The Sustainable Energy Authority of Ireland is responsible for awarding the funding
The Irish Government has pledged €8m in funding to support 45 innovative energy projects in companies and research institutions across Ireland.
The Sustainable Energy Authority of Ireland (SEAI) is responsible for awarding the funding to the 45 projects which aim to develop solutions that will help homes, businesses and communities deliver a cleaner energy future. The projects range in duration from one- to four years.
“New solutions and new technologies are central to achieving a sustainable energy future for Ireland. With direct involvement from industry, academia and local enterprises, the 45 projects we are funding will deliver real solutions to problems that the energy sector is facing today,” said Jim Gannon, CEO of SEAI.
“These projects will facilitate innovation in the energy market, inform policy, and develop the technical solutions we need to create a thriving and efficient clean energy sector.”
A project led by Dr Miriam Byrne in NUI Galway (NUIG) is among those to receive funding. Working in collaboration with researchers in University College Dublin (UCD), the NUIG team, are investigating the effectiveness of ventilation systems in A-rated energy efficient homes.
Good ventilation is critical for a healthy home. The study will monitor air quality in 100 A-rated homes and assess the comfort and satisfaction of homeowners.
The largest developer and operator of renewable generation in Ireland, SSE Airtricity, working with the Centre for Advanced Data Analytics Research (CeADAR) at UCD, will employ state of the art artificial intelligence (AI) to optimise renewable energy producers forecasting ability.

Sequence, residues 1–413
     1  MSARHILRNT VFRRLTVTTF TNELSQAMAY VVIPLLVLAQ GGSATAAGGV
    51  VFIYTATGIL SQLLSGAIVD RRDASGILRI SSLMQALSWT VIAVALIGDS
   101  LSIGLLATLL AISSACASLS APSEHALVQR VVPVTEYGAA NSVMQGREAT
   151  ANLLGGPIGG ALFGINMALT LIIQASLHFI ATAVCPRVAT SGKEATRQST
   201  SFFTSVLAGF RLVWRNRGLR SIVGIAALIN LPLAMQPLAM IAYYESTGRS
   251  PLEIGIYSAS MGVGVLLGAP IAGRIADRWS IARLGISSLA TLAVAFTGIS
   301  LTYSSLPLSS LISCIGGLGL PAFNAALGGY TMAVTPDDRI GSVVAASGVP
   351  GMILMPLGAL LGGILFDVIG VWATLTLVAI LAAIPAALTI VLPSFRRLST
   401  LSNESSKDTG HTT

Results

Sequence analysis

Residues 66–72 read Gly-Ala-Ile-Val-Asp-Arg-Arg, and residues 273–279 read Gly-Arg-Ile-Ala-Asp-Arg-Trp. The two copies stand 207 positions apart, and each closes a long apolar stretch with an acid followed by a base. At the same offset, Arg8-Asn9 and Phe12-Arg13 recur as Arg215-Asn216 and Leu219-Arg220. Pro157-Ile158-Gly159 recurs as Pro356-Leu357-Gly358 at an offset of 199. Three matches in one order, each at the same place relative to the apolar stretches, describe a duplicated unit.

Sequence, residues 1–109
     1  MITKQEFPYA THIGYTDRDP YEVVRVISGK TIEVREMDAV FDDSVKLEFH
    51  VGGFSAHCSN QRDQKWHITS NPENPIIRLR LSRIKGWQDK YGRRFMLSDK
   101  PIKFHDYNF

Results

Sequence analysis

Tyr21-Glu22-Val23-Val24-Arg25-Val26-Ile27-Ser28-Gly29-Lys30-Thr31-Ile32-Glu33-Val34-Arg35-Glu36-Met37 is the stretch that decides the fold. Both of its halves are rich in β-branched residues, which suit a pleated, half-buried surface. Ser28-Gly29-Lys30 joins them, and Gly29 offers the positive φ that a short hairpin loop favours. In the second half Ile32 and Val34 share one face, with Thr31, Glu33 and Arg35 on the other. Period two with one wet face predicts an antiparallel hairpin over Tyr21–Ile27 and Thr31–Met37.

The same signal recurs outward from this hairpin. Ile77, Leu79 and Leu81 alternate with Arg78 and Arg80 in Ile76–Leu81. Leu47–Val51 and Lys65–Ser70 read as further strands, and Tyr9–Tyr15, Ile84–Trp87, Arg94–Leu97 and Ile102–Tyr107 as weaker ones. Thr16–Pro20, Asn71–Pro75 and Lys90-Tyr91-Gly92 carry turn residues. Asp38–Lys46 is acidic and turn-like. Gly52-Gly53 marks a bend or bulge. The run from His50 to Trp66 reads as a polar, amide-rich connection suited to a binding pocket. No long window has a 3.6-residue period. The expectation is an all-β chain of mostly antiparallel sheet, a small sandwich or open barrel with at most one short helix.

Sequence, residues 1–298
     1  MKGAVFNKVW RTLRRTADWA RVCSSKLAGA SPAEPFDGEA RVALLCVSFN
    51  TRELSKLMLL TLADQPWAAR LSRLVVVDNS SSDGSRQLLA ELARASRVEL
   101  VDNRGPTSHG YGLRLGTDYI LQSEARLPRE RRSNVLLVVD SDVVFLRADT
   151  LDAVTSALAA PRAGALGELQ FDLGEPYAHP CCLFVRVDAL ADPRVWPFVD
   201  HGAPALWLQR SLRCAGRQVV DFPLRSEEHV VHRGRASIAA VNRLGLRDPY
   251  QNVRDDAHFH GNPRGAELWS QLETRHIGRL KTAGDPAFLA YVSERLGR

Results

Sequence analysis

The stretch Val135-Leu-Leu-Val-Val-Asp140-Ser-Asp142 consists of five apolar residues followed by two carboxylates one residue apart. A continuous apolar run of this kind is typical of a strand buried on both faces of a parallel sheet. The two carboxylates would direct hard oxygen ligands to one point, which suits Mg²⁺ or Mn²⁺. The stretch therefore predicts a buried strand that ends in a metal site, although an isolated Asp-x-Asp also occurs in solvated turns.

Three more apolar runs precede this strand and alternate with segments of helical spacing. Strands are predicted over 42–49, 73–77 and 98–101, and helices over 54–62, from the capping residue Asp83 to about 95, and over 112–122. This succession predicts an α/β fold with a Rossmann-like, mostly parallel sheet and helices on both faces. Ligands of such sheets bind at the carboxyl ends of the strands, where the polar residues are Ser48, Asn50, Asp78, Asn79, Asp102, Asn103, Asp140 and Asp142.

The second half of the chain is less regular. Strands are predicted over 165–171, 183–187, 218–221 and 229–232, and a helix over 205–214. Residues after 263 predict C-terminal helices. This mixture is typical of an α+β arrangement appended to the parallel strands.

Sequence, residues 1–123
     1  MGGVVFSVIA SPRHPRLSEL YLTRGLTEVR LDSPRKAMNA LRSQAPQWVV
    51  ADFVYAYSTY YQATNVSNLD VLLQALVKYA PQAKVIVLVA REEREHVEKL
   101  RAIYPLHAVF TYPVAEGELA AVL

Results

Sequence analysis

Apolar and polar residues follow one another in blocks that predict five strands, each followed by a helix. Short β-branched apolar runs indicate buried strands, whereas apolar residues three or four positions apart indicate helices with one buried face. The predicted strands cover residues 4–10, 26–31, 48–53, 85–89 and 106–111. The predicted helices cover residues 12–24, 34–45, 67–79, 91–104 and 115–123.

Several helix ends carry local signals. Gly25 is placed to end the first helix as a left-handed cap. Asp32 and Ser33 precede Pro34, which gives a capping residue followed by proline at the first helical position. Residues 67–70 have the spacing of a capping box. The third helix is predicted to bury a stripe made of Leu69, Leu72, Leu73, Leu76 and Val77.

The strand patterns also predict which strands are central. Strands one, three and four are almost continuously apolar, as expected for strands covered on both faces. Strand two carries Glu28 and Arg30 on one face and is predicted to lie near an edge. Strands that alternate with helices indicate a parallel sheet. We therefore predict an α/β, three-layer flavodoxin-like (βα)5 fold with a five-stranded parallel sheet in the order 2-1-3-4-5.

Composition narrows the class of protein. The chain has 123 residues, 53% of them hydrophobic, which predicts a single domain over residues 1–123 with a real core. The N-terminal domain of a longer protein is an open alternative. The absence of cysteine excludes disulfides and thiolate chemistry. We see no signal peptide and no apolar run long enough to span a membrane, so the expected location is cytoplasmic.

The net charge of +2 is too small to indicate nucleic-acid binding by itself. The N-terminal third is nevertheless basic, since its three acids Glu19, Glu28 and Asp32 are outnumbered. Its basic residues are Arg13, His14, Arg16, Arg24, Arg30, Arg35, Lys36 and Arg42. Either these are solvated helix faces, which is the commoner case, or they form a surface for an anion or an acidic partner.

The aim of the project is to reduce volatility in the wholesale energy market making it more cost effective for renewable energy producers to participate and ultimately lower energy prices for consumers.
"New solutions and new technologies are central to achieving a sustainable energy future for Ireland"
A collaborative project involving Gas Networks Ireland, IFA, ICMAS, Teagasc, and several other community groups, local authorities and academics, plans to develop a model for regional anaerobic digester (AD) clusters. If successful, the model will facilitate access to the gas network and diversify income streams for farmers.
“Research and innovation are central pillars of the Government’s National Energy and Climate Plan. I have secured increased levels of funding for investment in energy research through SEAI,” added Denis Naughten, minister for communications, climate action and environment.
“I am determined to see this fund grow significantly over the coming years to develop innovative solutions. This type of government funding significantly helps businesses and research institutions in the energy sector in Ireland to conduct world class research that will create jobs, build capacity and support innovation in clean energy.”
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